To promote mental health awareness and advocate against social stigma, Universiti Teknologi Brunei (UTB) hosted an art contest for students to express how the COVID-19 pandemic impacted their mental health through artistic expression.
The contest from September 7 – October 3 invited students to create a 2D piece of art expressing their thoughts on the phrase ‘My Mental Health in 2020’.
The winners were announced during the UTB World Mental Health Day event on October 10. The first prize winner received BND100 while second and third prize winners received BND70 and BND50. Dean of Student Affairs Pengiran Ida Nurul-Fitri binti Pengiran Haji Kahar presented the prizes.
The contest was organised by the Counselling Unit of the Student Affairs Office, in collaboration with the Student Representative Council (MPP) Executive Committees Publicity and Info-Communication Technology (PICT); Health, Safety, Security, and Environment (HSSE); and Leadership, Development and Mentor (LDM).
First place winner Mohammad Nadhir bin Haji Mohamed Husaini of Creative Multimedia, School of Computing and Informatics said he had a good time reflecting during the long break.
“I gained a lot of skills despite struggling to work virtually from home and not inside the classroom. The pandemic taught us to be creative during such a difficult time,” he said. “I controlled my emotions, became more positive, and, Alhamdulillah, I got the first prize. I am overjoyed as my art was only created overnight within a few hours. I initially almost gave up and did not want to submit it. But this was good opportunity to share my thoughts with my colleagues. Due to this COVID-19 pandemic, I had all the time in the world to create this art and I have improved my skills a lot.”
The description of his artwork reads ‘Stop being afraid of what can go wrong and start being positive about what can go right even when the world is on lockdown’.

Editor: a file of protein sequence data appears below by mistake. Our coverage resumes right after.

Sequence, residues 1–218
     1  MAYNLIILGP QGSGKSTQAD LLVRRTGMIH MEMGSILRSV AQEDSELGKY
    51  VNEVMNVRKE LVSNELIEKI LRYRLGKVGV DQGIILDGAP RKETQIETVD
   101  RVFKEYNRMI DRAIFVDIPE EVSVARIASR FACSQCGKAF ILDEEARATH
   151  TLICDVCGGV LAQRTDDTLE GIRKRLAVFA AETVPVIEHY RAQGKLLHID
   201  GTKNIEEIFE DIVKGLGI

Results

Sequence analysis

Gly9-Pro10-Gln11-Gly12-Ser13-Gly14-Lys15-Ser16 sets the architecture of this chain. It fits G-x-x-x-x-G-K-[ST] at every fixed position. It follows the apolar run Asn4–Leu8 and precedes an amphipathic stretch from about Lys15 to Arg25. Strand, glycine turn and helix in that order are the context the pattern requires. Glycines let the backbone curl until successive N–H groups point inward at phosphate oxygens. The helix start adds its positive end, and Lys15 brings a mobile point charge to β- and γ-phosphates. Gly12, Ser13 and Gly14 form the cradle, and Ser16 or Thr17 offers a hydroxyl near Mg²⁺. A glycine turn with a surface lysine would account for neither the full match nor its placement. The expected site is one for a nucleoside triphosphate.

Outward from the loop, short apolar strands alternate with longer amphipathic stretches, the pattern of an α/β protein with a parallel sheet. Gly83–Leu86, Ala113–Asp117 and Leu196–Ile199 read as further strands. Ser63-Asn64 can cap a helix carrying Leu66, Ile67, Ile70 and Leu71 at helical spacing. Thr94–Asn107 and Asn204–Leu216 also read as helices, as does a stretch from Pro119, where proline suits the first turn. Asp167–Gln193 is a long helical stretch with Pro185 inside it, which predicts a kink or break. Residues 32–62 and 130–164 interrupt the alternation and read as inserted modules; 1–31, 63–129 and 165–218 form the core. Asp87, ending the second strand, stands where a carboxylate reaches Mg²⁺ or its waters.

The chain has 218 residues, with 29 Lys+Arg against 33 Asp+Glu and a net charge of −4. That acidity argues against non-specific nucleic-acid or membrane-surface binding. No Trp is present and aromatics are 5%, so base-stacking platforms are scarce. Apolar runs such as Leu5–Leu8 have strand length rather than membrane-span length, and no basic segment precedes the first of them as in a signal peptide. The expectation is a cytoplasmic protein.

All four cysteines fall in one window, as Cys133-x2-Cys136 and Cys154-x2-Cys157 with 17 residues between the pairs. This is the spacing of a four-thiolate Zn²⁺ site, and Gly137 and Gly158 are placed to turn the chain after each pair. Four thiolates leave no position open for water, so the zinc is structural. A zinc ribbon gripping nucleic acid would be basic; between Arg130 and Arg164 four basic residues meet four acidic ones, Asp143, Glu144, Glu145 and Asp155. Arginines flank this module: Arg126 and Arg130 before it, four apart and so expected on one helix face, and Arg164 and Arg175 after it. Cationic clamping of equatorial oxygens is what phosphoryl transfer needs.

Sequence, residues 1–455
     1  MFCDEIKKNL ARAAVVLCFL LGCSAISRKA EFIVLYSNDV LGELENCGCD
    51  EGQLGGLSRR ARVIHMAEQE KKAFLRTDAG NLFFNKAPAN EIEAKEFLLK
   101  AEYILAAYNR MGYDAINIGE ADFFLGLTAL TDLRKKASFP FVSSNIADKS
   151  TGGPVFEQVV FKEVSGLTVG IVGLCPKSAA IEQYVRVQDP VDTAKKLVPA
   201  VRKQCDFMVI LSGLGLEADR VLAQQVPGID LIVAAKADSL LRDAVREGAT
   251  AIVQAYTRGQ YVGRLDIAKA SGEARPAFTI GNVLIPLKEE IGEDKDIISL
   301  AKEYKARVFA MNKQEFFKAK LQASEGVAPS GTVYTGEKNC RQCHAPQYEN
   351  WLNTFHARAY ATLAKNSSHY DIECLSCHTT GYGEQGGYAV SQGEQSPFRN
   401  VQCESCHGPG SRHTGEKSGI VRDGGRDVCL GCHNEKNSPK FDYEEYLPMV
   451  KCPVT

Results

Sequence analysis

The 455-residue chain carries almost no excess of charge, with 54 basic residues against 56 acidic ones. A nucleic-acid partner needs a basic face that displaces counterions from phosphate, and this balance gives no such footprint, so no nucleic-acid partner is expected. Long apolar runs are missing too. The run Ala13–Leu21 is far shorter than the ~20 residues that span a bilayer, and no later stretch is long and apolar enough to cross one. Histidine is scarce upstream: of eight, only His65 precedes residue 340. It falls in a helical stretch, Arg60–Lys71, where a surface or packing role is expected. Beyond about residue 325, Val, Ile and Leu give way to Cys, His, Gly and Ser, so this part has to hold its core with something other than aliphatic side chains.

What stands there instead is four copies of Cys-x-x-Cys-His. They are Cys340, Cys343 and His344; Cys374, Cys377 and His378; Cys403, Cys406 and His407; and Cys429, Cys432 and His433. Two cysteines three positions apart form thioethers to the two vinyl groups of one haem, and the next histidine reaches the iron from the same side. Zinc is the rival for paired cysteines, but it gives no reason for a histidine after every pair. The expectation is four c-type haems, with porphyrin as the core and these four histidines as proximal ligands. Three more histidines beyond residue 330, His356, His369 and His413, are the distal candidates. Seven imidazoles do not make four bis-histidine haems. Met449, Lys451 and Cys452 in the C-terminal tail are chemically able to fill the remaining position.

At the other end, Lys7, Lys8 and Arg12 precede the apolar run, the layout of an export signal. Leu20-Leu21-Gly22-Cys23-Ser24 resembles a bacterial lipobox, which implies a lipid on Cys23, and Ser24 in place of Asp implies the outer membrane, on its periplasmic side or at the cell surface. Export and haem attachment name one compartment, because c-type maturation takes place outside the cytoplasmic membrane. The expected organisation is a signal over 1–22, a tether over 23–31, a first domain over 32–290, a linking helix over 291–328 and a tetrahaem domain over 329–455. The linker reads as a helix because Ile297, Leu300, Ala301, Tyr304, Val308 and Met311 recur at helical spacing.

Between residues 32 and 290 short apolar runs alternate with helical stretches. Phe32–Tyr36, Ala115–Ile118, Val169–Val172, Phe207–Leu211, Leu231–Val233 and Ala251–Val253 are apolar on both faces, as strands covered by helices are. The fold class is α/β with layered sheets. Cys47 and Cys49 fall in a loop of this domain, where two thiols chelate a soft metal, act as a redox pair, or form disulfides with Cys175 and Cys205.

Second place winner Mek Shuet Yi of Mechanical Engineering, Faculty of Engineering said her art is very meaningful as it creates awareness on COVID-19.
She said the art depicts the positive and negative side of the pandemic and how it affects our mental health.
“We were not used to the new norms like social distancing and attending online classes. Those who planned to go for a vacation did not get refunded for their air tickets,” she said. “But there is also a blessing as families bonded more with people staying at home more. Making this art was a last minute plan and took me three days to complete. It portrays my personal experience during the COVID-19 pandemic.”
Meanwhile, third prize winner Dayangku Nur Syazwani Rasidah binti Pengiran Adi Noor of Digital Media, School of Computing and Informatics recalled when the country recorded its first COVID-19 case in March this year.
“The poster showed that I was trapped during the pandemic and felt depressed due to pressure coming from four corners. This pandemic led my mental health to spiral at a time when it started,” she said.
“Thankfully, my parents and colleagues supported and asked me to keep going and to not lose hope. As the situation gets better, I feel peace of mind. Although this year has been chaotic for everyone, I hope we can remember that once you hit rock bottom, the only way left to go is up,” Dayangku Nur Syazwani Rasidah added.
Thirteen entries from several faculties and schools were showcased since October 5 at the White Canopy of the university. The art pieces were also posted on the MPP social media account. The winners were chosen via online and social media voting open to the public and were selected by a guest judge and professional artist based on originality, creativity and relevance.